Caution is part of the company’s DNA, he says. “Being cautious is part of who we are; that is not something that is about to change. We have a reputation for being cautious and that’s a choice. We are not the ones to try things first and see what happens. We do think in small steps, but small steps can lead to a new direction. I can’t tell you where that direction may take us, but it may be somewhere different from where we are today.”

Will his management differ from Thiele’s? Again, Miranthis admits his style may be a little less exuberant but insists he has no plans to rock the boat. “We are different individuals and we have somewhat different working styles and personalities,” he says. “It is hard to say. Perhaps I am a little bit more operationally focused, a little bit more shy. However, I have an informal management style, as does Patrick, so from that perspective, it is not going to be very different.”

Why not merge?

It is just as well Miranthis favours a steady hand, as he predicts a rocky road ahead for the sector, with sluggish economic growth, the ongoing soft market and low interest rates taking their toll. “The next five years will be a lot more challenging than the last five or 10 years, and we need to evolve to cope with these new challenges.

“We are all struggling with low economic growth, an environment that directly affects the insurance market and consequently the reinsurance sector, so demand in the first place is going to be sluggish. At the same time, there is excess capital in the industry. There is an environment of low interest rates, so all of that certainly doesn’t bode very well for top line or for profitability.”

Moreover, he adds, there is little pressure for the much-anticipated hard market to emerge. “We are in an environment where we will keep chugging along as we are for a little while yet,” he says. “I don’t see tremendous pressure for the market to turn. There are a lot of people speculating on when the market will turn. I think it is a little bit futile; nobody knows.”

This challenging climate, he predicts, will trigger a wave of M&A activity as strength in numbers becomes the route to survival for smaller companies. “There are a number of companies at the lower end of the field that are going to face challenges,” he says. “Economic logic would say: why not merge?”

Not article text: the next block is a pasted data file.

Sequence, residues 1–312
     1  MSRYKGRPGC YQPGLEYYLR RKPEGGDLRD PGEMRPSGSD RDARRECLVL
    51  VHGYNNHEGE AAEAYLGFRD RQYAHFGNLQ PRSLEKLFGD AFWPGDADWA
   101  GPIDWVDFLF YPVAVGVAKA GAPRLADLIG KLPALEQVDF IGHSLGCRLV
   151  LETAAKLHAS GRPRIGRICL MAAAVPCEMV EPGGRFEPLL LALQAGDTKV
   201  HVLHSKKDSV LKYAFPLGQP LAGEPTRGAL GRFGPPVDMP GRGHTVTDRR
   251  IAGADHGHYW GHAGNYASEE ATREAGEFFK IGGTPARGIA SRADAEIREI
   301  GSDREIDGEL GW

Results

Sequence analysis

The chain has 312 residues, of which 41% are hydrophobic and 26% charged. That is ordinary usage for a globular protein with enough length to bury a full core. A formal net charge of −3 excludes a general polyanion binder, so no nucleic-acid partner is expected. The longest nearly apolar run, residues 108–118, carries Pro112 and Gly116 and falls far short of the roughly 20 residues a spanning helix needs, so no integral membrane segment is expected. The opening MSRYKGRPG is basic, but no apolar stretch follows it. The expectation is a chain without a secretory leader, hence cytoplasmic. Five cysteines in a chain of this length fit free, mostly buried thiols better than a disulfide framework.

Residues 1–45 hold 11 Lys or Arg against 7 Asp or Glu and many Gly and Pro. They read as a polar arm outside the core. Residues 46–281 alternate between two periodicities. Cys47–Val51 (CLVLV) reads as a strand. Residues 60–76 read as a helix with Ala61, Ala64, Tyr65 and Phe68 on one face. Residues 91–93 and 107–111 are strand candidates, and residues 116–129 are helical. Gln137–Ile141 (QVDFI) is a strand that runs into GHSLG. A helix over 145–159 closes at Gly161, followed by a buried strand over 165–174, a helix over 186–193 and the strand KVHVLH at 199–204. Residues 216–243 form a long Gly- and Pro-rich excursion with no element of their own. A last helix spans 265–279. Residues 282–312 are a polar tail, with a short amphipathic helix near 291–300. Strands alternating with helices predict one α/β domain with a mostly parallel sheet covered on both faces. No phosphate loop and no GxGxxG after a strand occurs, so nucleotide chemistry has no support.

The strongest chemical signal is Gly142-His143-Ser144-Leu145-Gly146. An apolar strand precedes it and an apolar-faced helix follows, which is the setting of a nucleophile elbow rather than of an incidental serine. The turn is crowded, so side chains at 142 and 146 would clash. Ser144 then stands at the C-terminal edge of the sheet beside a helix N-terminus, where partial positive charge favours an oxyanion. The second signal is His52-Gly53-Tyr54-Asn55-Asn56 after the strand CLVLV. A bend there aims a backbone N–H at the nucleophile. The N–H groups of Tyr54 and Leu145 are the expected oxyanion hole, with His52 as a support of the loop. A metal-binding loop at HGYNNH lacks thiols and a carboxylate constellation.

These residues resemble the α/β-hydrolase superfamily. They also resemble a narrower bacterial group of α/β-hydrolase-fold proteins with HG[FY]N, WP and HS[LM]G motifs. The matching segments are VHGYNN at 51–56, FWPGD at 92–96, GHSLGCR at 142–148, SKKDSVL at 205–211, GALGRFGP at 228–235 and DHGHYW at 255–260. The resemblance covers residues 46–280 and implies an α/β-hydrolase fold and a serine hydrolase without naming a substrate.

Two years into PartnerRe’s own mega-merger with Paris Re, Miranthis believes that things have largely gone according to plan. But he does admit some aspects need to be ironed out. “We still haven’t completed all of the regulatory integration. Some of the legal entities need to be merged. There are still some back-office things to do, but everything has pretty much gone according to plan, and I expect that by early next year the whole thing will be behind us.”

Do the right thing

So, what of the spectre of culture clash that haunts many an M&A? “It can be a problem,” he admits, but points out: “When we looked at Paris Re, we had a fair idea about what type of culture we were likely to encounter. Although it wasn’t identical to our own, it was not very different, so from that perspective it hasn’t been a major challenge.

“It is not as if we had to merge a direct operation with a reinsurance company, or an American company with a European company; that’s when you usually find big differences.”

While matching Thiele’s legacy will remain a tough challenge, Miranthis emphasises that developing a reputation for level-headed decision-making and integrity will be his paramount concern.

“I want to do a good job, would like to have a positive impact. There are decisions I regret where, with hindsight, I can say those were wrong decisions. But I am very comfortable that I haven’t done anything that I could be ashamed of; decisions were made with the right intentions. I want to do the right thing, with the right kind of results for the people who work with me and for the people that I work for.”

It seems that, while reinsurance may be in a state of flux, the message from Miranthis is that, for now at least, it will be business as usual at PartnerRe. GR